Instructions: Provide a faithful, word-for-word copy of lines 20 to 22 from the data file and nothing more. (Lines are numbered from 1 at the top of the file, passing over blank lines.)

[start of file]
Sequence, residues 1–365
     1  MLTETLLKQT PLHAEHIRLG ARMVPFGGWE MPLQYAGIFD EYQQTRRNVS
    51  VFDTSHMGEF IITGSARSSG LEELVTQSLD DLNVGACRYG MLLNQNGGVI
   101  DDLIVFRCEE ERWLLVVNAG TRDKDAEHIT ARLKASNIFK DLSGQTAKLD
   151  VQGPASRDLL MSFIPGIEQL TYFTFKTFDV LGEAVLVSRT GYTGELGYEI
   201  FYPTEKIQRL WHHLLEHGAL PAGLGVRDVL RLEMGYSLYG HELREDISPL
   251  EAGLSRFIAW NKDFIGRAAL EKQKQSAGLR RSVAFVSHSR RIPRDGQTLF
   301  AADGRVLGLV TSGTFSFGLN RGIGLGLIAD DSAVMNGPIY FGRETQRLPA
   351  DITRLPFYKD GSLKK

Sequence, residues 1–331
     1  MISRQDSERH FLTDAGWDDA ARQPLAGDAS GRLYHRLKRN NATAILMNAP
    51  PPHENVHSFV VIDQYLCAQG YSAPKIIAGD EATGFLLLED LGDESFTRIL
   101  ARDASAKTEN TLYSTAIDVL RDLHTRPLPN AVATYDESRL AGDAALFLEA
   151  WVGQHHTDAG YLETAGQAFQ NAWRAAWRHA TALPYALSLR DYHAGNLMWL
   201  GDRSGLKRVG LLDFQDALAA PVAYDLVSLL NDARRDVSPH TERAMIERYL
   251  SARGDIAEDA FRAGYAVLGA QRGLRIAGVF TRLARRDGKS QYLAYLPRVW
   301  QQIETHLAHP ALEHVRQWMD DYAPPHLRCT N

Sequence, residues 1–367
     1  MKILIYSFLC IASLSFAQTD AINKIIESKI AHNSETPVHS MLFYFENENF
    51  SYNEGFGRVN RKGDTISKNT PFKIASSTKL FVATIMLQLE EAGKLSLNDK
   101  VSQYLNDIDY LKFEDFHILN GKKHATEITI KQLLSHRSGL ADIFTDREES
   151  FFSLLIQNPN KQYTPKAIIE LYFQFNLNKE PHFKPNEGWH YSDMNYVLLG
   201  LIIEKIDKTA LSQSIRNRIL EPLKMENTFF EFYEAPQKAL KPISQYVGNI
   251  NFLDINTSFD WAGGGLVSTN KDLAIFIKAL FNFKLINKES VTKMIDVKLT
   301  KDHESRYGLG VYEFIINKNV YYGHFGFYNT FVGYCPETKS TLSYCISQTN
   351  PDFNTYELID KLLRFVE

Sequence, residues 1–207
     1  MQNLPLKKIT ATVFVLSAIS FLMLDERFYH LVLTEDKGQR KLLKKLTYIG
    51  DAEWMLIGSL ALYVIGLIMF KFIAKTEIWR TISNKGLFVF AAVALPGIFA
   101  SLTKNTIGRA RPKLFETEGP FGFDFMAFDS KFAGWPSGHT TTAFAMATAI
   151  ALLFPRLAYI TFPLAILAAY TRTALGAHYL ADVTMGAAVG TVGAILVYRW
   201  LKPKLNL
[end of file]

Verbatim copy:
    51  SYNEGFGRVN RKGDTISKNT PFKIASSTKL FVATIMLQLE EAGKLSLNDK
   101  VSQYLNDIDY LKFEDFHILN GKKHATEITI KQLLSHRSGL ADIFTDREES
   151  FFSLLIQNPN KQYTPKAIIE LYFQFNLNKE PHFKPNEGWH YSDMNYVLLG